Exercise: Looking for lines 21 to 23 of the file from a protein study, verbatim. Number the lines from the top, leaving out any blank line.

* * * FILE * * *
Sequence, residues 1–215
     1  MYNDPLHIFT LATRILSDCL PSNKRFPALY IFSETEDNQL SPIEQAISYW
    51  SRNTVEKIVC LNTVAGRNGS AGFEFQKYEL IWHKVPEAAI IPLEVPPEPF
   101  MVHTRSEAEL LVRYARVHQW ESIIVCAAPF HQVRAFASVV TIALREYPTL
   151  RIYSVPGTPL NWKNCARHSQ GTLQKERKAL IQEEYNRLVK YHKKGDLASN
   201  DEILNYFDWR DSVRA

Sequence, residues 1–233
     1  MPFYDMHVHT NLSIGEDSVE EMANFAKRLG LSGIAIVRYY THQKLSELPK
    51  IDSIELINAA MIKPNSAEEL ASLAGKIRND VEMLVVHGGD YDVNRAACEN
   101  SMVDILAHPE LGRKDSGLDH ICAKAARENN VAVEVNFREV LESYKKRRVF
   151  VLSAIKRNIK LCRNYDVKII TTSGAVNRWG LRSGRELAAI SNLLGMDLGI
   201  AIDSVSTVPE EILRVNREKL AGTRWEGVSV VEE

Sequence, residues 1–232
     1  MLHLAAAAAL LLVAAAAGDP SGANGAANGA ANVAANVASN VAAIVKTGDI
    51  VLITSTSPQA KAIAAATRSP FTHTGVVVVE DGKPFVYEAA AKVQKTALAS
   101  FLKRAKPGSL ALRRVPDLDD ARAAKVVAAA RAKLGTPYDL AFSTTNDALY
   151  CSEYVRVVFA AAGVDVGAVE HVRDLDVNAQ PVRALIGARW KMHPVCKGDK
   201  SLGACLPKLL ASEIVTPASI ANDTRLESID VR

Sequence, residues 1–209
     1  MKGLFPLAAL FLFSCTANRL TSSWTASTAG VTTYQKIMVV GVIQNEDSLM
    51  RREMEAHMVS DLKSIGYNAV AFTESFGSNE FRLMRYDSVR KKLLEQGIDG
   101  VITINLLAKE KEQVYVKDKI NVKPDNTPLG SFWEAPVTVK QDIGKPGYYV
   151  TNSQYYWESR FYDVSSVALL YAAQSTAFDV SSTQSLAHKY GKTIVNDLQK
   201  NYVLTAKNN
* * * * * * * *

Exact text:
    51  RREMEAHMVS DLKSIGYNAV AFTESFGSNE FRLMRYDSVR KKLLEQGIDG
   101  VITINLLAKE KEQVYVKDKI NVKPDNTPLG SFWEAPVTVK QDIGKPGYYV
   151  TNSQYYWESR FYDVSSVALL YAAQSTAFDV SSTQSLAHKY GKTIVNDLQK